Ununited Fracture of the Forearm, with Deficiency of the Ulna, Treated Successfully by Excision and the Wire Suture

T. Annandale
1875 BMJ (Clinical Research Edition)  
Surgeon to the Edinburgh Royal Infirmary and Lecturer on Clinical Surgery. R. K., aged 29, was admitted into my wards on June 24th, I873, suffering from an ununited fracture of the bones of the forearm. About six months before his admission, bis forearm had been severely injured by machinery. Both bones were fractured, and a large lacerated wound was caused by the accident. He was taken to a provincial hospital, and carefully treated for several months. About three months after the accident, a
more » ... er the accident, a large piece of bone (a portion of the ulna) gradually loosened, and was removed. Three weeks after this, the wound was healed, but the bones had not united properly. When the arm was examined, a large cicatrix was noticed over the middle third of the bones of the forearm; it was adherent to the ulna for a short distance, but was otherwise free. Both bones were movable at the junction of their middle and lower thirds, but the radius less so than the ulna. The ulna was not only quite ununited, but was deficient for about one inch at the seat of fracture, the result, no doubt, of the necrosis which had followed the injury. The fractured ends of the ulna were displaced towards, anid adherent to, the radius. Pronation and supination could not be performed, and the arm was also weak, and, in consequence, useless. On June 27th, I performed the followina operation, with the hope of making the arm more useful. An incision, about three inches long, was made over the dorsal aspect of the ulna, so as to expose the fractured portion of this bone. It was then found that the fractured ends were rounded off and atrophied, and united to one another and to the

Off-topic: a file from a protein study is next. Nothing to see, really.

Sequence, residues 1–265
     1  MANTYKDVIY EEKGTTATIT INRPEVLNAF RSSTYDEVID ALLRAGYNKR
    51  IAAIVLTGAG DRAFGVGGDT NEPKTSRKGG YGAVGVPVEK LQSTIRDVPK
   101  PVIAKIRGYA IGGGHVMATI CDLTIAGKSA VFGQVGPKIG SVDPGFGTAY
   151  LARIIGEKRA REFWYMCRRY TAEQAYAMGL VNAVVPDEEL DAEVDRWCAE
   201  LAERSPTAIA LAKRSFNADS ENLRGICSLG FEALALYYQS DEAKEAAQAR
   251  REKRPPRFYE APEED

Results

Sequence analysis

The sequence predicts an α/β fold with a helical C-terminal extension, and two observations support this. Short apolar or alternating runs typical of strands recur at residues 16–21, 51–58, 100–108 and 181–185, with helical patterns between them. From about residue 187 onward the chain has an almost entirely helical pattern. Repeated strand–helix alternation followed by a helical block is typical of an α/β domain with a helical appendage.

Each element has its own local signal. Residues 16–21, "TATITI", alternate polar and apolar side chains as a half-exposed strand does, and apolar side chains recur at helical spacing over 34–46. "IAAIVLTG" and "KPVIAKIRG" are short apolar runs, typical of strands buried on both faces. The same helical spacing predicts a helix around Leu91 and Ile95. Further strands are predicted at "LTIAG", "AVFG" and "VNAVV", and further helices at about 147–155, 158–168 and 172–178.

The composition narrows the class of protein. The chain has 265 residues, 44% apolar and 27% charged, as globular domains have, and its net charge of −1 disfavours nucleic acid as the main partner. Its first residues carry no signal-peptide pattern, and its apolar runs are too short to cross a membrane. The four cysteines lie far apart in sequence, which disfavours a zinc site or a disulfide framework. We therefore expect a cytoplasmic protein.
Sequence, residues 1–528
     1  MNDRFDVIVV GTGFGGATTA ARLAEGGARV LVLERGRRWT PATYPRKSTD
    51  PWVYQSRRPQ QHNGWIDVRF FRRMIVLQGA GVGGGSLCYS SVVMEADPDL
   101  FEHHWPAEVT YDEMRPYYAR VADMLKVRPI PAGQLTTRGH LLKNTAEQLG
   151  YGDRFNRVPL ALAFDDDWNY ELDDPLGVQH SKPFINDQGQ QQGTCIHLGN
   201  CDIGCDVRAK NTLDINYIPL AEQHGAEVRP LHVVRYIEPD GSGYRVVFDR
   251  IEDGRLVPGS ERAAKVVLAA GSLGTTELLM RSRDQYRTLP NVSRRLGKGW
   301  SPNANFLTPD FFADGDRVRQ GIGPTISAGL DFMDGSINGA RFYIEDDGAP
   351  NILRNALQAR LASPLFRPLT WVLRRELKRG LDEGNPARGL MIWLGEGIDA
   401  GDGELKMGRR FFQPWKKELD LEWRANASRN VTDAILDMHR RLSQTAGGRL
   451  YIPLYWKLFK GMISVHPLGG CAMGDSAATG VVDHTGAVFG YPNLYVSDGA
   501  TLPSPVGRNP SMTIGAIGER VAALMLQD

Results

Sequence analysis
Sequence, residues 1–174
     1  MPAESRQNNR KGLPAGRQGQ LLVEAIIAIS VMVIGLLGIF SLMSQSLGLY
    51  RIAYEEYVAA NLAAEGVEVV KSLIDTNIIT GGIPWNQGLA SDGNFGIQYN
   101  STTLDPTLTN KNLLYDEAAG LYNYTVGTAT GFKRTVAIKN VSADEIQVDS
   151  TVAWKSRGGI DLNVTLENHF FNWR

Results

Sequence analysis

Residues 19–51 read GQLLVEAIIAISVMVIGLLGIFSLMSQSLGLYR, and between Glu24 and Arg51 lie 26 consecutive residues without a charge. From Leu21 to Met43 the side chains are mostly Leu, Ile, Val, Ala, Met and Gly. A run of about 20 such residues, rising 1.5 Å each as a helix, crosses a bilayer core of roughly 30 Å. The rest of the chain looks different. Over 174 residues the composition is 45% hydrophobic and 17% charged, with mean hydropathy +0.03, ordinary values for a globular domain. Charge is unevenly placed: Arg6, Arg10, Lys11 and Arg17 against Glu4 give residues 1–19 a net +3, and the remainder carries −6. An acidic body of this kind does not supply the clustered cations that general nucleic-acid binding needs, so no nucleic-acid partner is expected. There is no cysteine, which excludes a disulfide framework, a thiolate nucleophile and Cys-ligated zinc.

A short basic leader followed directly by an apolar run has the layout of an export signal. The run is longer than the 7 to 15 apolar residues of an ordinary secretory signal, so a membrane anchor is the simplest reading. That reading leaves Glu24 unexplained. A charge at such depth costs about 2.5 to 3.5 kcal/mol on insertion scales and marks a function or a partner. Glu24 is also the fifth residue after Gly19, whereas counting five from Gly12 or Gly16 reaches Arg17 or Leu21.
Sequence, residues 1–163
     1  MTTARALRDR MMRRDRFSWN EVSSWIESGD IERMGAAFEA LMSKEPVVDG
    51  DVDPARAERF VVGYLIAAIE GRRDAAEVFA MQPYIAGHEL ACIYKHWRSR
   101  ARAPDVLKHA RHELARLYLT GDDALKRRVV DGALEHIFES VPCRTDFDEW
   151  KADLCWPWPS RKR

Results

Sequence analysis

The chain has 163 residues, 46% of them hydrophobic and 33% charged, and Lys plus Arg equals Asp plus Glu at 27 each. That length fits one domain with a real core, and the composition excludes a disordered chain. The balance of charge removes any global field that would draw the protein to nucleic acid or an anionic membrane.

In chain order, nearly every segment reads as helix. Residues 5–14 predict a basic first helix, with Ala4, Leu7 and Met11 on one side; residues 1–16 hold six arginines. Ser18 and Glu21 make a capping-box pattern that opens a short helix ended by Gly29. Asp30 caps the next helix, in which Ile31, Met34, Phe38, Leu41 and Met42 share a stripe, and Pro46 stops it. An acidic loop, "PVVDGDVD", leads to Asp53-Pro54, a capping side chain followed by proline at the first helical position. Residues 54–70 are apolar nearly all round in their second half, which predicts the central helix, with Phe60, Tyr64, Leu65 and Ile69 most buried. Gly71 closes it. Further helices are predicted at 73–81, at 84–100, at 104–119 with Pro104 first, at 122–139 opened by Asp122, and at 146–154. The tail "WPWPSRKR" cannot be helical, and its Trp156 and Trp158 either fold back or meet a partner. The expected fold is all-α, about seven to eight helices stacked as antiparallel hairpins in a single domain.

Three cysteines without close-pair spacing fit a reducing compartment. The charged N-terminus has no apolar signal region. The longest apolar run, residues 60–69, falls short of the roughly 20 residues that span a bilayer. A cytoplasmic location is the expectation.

doi:10.1136/bmj.1.732.38 fatcat:mgltu4dkdffevafcc5cetfub2m